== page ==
According to E.K. Lieser
“I predict that more than 50 percent of business travel and more than 30 percent of time in the workplace will disappear by going online,” the Microsoft co-founder said during a live broadcast of the Dealbook New York Times conference this week. Gates added that from now on, businesses will have a "very high threshold of necessity" for travel to meet in person.
Like Facebook, Twitter, and other big tech companies, Microsoft has already announced a permanent work-from-home policy for certain categories of employees. Workers also have the option of choosing a hybrid model in which they can only spend part of their working days in the office.
Bill Gates believes more than 50 percent of business travel will disappear even as the coronavirus crisis eases. The billionaire, who has warned of the threat of a global pandemic since 2015, noted that this year he has already hosted five virtual roundtables with pharmaceutical executives - meetings usually held in New York.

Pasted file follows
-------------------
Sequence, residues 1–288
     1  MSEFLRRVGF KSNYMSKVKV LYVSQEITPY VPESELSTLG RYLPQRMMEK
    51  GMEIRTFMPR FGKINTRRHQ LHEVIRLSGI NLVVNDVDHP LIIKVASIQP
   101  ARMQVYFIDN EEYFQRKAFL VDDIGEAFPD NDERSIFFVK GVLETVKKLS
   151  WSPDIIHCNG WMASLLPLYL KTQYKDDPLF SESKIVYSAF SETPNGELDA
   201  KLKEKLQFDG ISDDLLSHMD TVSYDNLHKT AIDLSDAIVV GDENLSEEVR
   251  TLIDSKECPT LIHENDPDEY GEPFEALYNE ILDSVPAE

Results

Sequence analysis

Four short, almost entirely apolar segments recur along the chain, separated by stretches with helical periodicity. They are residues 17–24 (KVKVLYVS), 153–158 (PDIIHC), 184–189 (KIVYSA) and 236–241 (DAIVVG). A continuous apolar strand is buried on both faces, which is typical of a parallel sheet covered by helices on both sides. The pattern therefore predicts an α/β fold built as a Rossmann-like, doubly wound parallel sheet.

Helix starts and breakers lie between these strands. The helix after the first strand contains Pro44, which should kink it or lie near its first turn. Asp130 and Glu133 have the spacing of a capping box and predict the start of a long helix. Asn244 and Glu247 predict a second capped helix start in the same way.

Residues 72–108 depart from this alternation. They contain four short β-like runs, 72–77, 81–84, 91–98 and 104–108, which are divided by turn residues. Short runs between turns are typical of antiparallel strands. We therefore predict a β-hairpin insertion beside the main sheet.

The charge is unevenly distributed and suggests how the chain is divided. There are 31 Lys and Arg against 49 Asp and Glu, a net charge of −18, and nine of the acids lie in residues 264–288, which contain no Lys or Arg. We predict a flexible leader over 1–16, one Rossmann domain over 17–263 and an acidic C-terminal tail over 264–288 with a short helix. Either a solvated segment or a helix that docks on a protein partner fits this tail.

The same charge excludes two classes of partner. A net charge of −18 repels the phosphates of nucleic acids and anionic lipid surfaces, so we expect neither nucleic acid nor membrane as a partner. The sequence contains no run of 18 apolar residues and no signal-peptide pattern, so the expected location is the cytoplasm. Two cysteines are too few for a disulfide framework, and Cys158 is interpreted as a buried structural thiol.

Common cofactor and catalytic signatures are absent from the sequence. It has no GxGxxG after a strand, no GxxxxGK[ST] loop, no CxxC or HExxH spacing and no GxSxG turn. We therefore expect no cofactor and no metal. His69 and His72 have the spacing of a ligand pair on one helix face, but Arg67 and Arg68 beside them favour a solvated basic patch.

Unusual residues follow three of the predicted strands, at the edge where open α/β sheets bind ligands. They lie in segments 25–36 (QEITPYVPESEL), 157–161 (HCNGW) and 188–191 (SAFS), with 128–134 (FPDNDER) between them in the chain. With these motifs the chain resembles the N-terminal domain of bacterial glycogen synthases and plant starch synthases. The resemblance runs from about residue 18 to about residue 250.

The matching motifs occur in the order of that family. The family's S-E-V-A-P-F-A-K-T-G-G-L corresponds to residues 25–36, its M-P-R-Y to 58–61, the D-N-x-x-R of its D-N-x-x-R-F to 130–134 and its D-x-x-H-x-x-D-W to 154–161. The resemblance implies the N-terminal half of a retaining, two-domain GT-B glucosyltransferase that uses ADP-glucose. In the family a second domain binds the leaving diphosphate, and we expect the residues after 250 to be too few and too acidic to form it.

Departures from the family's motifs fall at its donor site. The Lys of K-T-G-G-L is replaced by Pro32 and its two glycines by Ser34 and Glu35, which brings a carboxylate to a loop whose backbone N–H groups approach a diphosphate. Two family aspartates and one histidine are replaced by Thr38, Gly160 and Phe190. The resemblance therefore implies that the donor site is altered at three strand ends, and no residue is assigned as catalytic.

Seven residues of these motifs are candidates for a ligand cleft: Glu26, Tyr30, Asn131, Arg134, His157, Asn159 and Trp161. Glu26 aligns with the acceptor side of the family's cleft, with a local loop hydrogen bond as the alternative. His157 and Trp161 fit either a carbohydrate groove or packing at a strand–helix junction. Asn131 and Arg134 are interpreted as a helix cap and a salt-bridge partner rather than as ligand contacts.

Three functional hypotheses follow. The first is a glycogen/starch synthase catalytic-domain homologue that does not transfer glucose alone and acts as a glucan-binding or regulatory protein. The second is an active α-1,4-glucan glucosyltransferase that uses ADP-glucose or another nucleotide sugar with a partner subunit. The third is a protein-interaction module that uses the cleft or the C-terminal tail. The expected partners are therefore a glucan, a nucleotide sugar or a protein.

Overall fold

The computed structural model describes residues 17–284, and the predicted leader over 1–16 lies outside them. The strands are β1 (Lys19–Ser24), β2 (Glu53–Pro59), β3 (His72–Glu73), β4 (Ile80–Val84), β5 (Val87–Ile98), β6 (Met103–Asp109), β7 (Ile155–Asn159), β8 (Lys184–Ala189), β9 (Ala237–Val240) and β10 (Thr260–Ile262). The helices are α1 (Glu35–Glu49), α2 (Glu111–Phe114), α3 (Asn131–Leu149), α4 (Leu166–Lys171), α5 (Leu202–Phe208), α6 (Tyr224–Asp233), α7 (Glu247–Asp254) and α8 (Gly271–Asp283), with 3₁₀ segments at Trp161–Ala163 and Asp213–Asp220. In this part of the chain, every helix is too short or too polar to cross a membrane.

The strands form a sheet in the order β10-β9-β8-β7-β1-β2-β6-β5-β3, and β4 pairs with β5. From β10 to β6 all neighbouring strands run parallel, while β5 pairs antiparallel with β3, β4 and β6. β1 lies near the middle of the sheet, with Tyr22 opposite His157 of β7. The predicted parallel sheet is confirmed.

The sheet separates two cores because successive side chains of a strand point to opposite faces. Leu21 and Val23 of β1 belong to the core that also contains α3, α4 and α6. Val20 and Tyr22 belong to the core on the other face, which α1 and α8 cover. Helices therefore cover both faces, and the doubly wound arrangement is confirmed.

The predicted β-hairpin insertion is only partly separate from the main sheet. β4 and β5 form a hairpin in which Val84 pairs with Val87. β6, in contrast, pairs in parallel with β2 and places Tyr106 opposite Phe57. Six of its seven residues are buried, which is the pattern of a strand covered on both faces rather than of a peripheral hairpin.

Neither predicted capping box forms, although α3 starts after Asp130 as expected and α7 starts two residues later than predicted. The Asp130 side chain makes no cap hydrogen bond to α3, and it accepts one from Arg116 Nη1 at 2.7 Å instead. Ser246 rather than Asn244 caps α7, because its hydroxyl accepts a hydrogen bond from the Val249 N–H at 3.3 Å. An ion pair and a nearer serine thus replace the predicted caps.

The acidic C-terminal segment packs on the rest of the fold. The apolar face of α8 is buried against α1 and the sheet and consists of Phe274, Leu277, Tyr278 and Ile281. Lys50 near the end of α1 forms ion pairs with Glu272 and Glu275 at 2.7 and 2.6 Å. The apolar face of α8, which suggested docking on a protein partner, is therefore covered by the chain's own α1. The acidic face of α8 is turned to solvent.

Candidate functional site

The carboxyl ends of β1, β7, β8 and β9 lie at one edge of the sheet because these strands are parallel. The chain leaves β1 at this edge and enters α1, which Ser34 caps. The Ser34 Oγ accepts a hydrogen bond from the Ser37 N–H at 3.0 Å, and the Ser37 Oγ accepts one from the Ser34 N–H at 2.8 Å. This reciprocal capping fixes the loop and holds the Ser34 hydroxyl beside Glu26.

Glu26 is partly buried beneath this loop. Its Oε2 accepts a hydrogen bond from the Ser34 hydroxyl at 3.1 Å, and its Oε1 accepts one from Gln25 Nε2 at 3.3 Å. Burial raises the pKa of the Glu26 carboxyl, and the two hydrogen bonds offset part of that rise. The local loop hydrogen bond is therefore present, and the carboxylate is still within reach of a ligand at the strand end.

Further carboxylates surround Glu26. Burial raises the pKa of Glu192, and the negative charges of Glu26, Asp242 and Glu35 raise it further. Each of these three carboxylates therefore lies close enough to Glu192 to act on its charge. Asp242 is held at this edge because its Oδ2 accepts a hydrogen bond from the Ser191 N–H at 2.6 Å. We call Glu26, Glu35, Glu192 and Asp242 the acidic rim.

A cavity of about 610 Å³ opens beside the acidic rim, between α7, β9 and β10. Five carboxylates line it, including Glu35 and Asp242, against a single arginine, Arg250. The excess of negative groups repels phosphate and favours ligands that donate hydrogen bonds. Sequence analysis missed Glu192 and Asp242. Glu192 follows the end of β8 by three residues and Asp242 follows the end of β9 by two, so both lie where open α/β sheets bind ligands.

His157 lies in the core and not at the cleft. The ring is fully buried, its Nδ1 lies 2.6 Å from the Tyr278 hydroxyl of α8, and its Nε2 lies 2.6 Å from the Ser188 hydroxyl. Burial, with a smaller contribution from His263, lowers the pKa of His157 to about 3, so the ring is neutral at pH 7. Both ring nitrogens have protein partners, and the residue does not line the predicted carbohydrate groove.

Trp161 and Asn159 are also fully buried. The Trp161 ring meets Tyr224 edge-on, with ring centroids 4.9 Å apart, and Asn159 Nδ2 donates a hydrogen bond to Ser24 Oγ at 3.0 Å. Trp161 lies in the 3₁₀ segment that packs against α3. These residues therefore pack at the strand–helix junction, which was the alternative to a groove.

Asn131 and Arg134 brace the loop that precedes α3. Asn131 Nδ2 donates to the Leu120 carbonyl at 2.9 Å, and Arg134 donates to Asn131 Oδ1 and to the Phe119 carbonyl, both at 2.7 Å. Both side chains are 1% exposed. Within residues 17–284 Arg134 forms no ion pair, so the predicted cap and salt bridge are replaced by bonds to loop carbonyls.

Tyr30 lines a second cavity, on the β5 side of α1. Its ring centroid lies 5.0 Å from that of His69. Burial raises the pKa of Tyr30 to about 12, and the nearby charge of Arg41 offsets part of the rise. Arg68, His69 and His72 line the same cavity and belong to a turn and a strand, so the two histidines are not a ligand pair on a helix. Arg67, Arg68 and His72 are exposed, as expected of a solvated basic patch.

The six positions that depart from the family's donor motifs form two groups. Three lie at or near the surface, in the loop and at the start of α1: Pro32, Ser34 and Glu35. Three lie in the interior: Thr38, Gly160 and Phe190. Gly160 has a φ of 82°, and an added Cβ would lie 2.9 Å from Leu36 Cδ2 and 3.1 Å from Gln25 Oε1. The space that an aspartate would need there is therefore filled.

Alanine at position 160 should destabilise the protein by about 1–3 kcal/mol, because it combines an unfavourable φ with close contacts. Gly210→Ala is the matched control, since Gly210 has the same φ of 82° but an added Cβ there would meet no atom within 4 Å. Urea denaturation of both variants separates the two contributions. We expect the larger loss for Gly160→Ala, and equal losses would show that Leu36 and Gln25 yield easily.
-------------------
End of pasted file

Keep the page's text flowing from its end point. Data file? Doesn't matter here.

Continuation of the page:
Airlines in the United States suffered huge financial losses for most of the year as the ongoing pandemic forced travelers to cancel or postpone flights. Domestic flights were down 62 percent and international flights were down 79 percent from last year, according to the industry group Airlines for America. In a study by the Global Business Travel Association in mid-September, over 80 percent of respondents said they had canceled most or all of their travel this year.
Before the outbreak of the pandemic, business travelers accounted for roughly half of total US airline revenues. Around a third of nearly 1,400 people surveyed said they expect their employers to resume face-to-face events and conferences in the second quarter of 2021.
In an effort to attract more passengers, airlines have been actively implementing new security measures, such as the need to wear masks when boarding. They also improved cleaning procedures and locked some of the seats on board to provide greater physical separation between passengers.